Slashing in ice hockey is the act of a player swinging their stick at an opponent, and there doesn’t need to be any contact for the act to be deemed a slash. Any forceful swing of the stick at an opponent’s legs, stick, body, or hands will be seen as slashing.
In hockey, sticks are primarily used for scoring and passing, but can also be used to inhibit opponents from time to time. While some of these are legal, such as stick checks, others are not. Slashing is one of the most common examples of a player improperly using their stick.
Keep reading to learn more about the slashing penalty in ice hockey, and how long offending players will need to sit in the penalty box for.
- Slashing is the act of a player swinging their stick at an opponent’s legs, stick, body, or hands. Even if there is no contact made with the stick, a penalty will still be called.
- Most slashing penalties are a two-minute minor. However, it can also be a major penalty, game misconduct, or match penalty if the ref feels it was exceptionally dangerous or done with intent to injure.
- Slashing is often confused with stick checking, but stick checking is generally lighter, often done by lifting the stick instead of chopping down, and normally done to separate an opponent’s stick from the puck.
What is Slashing?
In ice hockey, slashing occurs when a player forcefully swings their stick at an opponent. Whether the swing is towards their stick, their hands, their legs, or their body, a slashing penalty can be called.
Even if the slash doesn’t actually make contact with the opposing player, it is still a penalty. Slashing is outlined in Rule 61 of the NHL rulebook and is classified as a stick foul.
Slashing is against the rules because it is a potentially dangerous play that can lead to injury. Hockey sticks are quite hard, and if they are swung quickly and with malice, they have the potential to do a lot of damage to whatever they hit.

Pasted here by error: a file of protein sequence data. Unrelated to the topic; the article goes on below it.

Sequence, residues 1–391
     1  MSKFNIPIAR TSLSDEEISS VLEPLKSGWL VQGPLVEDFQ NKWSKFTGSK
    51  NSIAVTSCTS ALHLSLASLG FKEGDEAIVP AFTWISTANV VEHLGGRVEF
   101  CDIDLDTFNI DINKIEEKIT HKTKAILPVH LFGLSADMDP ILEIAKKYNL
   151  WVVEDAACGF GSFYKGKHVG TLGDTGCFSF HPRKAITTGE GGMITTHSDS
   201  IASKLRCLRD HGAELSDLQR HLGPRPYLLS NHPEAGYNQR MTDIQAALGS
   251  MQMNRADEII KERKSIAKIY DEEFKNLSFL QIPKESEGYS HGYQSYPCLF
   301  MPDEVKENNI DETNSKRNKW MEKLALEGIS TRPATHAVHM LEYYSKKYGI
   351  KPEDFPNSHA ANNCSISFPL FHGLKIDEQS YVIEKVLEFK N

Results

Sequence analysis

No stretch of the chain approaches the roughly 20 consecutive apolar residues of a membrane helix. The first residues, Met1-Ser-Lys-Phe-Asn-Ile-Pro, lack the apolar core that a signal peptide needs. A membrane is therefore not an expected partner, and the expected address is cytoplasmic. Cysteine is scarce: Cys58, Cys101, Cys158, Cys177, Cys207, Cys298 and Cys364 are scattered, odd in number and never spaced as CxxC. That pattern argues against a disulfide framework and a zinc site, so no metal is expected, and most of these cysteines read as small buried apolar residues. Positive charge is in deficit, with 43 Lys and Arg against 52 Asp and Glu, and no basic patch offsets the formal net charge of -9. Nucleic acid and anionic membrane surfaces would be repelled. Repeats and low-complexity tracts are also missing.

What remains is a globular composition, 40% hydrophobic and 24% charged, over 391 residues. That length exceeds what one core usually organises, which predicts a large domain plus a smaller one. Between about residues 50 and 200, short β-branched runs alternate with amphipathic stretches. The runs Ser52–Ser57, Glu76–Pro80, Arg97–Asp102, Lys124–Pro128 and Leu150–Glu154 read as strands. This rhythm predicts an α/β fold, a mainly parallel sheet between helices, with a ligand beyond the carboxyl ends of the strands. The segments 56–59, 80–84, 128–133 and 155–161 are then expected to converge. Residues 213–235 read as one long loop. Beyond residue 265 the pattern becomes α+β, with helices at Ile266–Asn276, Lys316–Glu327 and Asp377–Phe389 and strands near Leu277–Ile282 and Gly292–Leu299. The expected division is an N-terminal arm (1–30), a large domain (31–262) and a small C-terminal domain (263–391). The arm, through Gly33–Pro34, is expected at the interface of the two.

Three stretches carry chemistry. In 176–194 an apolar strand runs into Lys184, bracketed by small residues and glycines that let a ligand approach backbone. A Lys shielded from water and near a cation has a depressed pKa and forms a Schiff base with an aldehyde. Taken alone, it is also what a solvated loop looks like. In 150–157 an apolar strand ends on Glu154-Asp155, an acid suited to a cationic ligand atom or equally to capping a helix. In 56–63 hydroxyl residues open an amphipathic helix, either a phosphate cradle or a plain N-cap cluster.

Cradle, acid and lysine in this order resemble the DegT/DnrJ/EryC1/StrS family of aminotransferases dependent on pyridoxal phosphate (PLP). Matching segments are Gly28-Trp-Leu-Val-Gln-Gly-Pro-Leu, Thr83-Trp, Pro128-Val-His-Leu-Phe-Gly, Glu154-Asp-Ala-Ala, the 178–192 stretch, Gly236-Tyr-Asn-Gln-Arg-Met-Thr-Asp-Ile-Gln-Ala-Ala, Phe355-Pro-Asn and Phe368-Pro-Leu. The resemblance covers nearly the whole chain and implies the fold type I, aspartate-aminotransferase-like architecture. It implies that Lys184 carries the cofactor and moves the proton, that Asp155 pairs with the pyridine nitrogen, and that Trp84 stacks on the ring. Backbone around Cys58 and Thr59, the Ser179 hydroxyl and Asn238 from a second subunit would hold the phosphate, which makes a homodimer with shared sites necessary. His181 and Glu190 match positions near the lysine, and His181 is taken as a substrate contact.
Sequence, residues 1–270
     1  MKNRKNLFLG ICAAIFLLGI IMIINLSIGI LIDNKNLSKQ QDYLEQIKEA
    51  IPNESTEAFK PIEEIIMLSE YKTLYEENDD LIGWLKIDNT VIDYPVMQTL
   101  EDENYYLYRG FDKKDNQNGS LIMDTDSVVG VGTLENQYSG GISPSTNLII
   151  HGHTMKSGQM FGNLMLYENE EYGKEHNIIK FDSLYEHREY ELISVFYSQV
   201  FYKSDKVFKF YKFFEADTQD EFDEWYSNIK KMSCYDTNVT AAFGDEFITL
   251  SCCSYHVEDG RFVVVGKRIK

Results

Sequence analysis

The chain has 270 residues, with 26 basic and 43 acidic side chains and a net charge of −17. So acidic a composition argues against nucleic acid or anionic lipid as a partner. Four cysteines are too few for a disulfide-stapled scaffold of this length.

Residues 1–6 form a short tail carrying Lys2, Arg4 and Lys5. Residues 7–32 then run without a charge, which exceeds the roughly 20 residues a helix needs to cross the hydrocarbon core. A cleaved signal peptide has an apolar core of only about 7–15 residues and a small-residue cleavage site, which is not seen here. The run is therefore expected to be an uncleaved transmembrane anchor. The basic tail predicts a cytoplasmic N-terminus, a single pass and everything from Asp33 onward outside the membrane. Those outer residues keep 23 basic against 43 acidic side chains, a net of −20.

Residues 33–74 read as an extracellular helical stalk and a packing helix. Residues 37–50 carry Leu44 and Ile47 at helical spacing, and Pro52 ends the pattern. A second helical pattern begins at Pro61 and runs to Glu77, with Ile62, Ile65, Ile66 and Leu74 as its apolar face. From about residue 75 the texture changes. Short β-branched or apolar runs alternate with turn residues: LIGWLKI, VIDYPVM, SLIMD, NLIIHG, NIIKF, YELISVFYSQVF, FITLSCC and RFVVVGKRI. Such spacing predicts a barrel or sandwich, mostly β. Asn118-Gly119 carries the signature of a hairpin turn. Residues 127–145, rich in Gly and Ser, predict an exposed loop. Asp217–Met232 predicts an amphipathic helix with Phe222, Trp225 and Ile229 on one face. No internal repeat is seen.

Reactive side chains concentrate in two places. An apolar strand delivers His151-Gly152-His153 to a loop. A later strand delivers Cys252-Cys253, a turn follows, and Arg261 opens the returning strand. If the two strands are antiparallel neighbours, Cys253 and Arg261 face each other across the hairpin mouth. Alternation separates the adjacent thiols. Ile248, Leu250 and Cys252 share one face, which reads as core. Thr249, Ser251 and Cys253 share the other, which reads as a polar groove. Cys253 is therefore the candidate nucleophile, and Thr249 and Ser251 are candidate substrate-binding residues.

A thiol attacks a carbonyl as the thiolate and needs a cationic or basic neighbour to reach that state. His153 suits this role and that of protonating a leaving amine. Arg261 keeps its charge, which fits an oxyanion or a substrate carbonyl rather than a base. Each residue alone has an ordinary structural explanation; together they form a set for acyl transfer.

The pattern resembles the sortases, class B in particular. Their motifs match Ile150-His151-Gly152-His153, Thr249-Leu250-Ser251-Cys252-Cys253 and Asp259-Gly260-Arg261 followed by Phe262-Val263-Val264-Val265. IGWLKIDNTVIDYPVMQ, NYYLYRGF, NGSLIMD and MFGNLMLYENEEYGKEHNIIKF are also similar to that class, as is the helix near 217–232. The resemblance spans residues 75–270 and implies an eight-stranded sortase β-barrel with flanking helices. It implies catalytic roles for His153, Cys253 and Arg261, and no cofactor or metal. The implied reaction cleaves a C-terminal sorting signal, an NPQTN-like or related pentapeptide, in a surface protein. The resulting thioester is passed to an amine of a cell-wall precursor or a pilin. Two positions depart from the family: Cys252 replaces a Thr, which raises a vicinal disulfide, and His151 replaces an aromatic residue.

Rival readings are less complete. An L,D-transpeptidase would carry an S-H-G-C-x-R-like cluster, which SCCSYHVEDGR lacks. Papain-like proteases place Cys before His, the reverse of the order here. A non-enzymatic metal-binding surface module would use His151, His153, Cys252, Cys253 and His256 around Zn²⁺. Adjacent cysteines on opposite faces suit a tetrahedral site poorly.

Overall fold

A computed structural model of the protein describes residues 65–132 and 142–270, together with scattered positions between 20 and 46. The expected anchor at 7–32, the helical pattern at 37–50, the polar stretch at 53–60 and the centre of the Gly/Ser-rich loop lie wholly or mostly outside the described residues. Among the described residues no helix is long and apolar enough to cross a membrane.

Also, if slashing was legal, offensive players would struggle as defensemen could simply take free swings at their stick or body, making it almost impossible to maintain possession of the puck in traffic.
As you can see from the following video, players generally don’t take too kindly to being slashed, and it is often seen as a dirty or overly aggressive play on the ice.
What is the Penalty for Slashing?
The penalty for slashing in ice hockey depends on the severity of the action. In most cases, a slashing penalty will be a two-minute minor penalty. This is similar to other common penalties like hooking, roughing, interference, and tripping.
However, if the slashing is reckless and seriously endangers an opponent, a ref can decide to give a five-minute major penalty for the infraction. This major penalty will also be automatically accompanied by a game misconduct penalty, which results in the player being ejected.
Referees can also decide to assess a match penalty if they think the particular act was dangerous enough to deserve it. Players who are given match penalties have a high chance of being fined or suspended, as it is the most serious type of penalty in hockey.
Slashing has been a penalty for a very long time, but ahead of the 2017-18 NHL season, the league said it was cracking down on the infraction and paying closer attention to it. This was not only due to slashes leading to some injuries, but also due to past inconsistencies.
In the past, players would use their stick on opposing players’ hands to try and get them to misplay the puck. Some refs would call this a slash, while others wouldn’t. This was confusing for everyone in the sport, and the changes in 2017-18 helped it be called more consistently.
Here are a few commonly asked questions about slashing in ice hockey, along with their answers.
What’s the difference between slashing and stick checking?
Slashing is a forceful swing of the stick to an opponent’s body or stick. A stick check is generally a lighter lift of the stick that is done to interrupt an opponent’s possession of the puck. A stick check can turn into a slash if a player isn’t careful and considerate, however.
What is the referee signal for slashing?
The referee signal for slashing involves them holding out one arm, and then using the other arm to provide a chopping motion on the arm that is being held out.
Slashing is a common act and penalty in hockey, whether done intentionally or unintentionally. I hope that this guide has helped you learn more about the act of slashing, and how penalties are assessed for it.
Do you think the current rules and penalties surrounding slashing are fair, or do you think they should be changed/adjusted? Let me know in a comment below.About Kale